If you wanna be a writer you gotta be a reader. We likely all agree on that. But what kind of reader? It’s fun when a novel totally engages us. We get lost in it. It becomes, as John Champlin Gardner described, a “vivid and continuous and dream.’ We float along on the story. Let […]Read article
Category: beginning a novel
Tolkien, Kerouac, and You
I wrote a full draft of my my most successful novel in three weeks. However, every novel is its own puzzle to solve, and it’s usually a mistake to hark back to the previous book (in this case, Memory Boy) when writing a new one. There are two very general approaches to writing a novel: […]Read article
Another Good Question About Your Novel
I often get letters from former writing students, or friends of friends who are working on a novel, or complete strangers who have read one of my books and are working on one of their own. Usually they have a central question about their writing project that they’re hung up on. I try to say […]Read article
A Question About Your Novel?
Why? For what reason are you writing it? The subject is no small matter. Freud maintained that we do things for one or more of five reasons: “honor, power, fame, riches, and the love of women.” (Let’s just say ‘love’.) None of these reasons are necessarily wrong-headed, but there are better ones. How about joy? […]Read article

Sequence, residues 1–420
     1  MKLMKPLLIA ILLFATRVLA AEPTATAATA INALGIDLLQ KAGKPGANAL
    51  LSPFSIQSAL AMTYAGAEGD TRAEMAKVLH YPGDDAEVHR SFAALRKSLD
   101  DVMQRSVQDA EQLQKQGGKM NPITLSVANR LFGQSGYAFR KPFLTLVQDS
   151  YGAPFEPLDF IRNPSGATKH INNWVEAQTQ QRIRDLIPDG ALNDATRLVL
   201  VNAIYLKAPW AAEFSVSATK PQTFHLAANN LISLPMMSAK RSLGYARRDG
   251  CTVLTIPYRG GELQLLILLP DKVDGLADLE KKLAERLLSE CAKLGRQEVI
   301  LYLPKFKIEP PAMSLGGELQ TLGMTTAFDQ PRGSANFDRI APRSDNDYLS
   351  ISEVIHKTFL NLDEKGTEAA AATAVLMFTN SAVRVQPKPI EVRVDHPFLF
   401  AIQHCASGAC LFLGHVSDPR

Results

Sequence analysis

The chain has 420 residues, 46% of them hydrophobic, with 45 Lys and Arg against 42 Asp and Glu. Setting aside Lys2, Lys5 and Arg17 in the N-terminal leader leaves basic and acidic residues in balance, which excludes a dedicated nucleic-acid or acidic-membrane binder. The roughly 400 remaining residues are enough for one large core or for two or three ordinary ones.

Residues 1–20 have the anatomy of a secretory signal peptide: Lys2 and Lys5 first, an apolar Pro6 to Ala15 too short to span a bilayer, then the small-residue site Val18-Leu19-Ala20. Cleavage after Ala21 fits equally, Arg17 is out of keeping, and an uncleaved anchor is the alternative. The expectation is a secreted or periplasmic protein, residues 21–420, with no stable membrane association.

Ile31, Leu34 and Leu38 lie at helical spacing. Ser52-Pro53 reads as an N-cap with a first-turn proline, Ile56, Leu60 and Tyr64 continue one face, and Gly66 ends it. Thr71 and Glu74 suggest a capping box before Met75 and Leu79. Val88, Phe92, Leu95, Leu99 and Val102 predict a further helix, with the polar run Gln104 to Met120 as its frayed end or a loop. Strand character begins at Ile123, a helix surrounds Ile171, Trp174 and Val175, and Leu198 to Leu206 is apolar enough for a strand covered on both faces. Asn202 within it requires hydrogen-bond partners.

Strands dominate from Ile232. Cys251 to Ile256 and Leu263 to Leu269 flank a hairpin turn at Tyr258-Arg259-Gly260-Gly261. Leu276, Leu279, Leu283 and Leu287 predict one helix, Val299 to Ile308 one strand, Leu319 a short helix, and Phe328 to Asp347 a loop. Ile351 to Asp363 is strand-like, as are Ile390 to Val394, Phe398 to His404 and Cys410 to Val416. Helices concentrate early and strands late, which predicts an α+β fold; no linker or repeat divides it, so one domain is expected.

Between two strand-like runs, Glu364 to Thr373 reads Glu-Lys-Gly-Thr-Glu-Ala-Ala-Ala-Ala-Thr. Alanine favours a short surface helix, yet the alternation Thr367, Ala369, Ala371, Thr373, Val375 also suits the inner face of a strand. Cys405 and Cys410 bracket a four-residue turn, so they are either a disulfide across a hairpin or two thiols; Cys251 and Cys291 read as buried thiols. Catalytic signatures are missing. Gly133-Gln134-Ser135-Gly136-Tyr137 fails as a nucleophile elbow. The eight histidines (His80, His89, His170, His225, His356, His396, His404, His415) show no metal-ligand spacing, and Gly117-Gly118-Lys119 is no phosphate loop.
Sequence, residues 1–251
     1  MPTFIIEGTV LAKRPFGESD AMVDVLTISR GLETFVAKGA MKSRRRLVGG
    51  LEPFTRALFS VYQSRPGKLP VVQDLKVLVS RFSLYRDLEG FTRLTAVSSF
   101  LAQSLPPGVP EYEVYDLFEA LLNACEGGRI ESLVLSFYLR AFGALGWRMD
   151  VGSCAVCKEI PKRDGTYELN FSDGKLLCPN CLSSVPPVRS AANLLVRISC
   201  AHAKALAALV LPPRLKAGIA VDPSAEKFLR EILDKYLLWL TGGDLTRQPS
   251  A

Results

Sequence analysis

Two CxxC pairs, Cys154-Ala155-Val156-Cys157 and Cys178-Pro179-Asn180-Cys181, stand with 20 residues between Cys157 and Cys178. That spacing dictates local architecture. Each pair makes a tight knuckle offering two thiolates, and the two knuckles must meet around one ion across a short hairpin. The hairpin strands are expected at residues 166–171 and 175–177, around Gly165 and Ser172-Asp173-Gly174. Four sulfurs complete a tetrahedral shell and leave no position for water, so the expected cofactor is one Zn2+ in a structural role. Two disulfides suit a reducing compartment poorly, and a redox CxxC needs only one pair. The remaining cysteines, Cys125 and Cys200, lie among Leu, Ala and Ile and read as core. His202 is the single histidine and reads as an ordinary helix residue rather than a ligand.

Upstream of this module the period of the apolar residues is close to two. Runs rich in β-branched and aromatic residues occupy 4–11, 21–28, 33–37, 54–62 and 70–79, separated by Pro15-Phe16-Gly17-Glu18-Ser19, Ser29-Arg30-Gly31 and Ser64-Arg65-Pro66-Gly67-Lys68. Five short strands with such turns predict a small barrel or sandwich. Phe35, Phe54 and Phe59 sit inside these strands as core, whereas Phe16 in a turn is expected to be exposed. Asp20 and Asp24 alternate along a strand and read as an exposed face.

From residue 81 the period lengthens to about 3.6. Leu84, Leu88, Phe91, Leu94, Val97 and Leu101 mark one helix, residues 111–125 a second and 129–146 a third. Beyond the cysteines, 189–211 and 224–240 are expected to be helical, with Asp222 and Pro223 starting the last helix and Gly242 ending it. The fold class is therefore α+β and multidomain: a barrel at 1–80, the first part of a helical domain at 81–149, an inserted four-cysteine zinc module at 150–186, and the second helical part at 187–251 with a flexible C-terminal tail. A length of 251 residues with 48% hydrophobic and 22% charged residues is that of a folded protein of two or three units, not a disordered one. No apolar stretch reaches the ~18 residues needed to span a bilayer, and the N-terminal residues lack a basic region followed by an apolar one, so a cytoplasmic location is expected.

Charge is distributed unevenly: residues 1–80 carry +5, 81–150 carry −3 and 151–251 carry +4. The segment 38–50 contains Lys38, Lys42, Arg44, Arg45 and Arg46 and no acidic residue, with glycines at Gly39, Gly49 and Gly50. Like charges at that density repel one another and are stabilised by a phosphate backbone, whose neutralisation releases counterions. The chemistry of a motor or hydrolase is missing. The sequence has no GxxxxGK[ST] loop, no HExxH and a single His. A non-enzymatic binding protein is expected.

Good Idea for a Novel?
A quote from Orson Scott Card: “Everybody walks past a thousand stories every day. The good writers are the ones who see five or six of them. Most people don’t see any.” Exaggerations aside, you can see what he’s saying, and there’s lots of truth to it. It’s writers who, as Flannery O’Connor said,”look twice […]Read article
Approaches to Writing Your Novel
My most successful novel for young adults is Memory Boy, a draft of which I wrote in three weeks. That should have told me something. However, as a novelist I’m a slow learner; or more precisely, each novel is its own puzzle to solve, and it’s usually a mistake to hark back to the previous […]Read article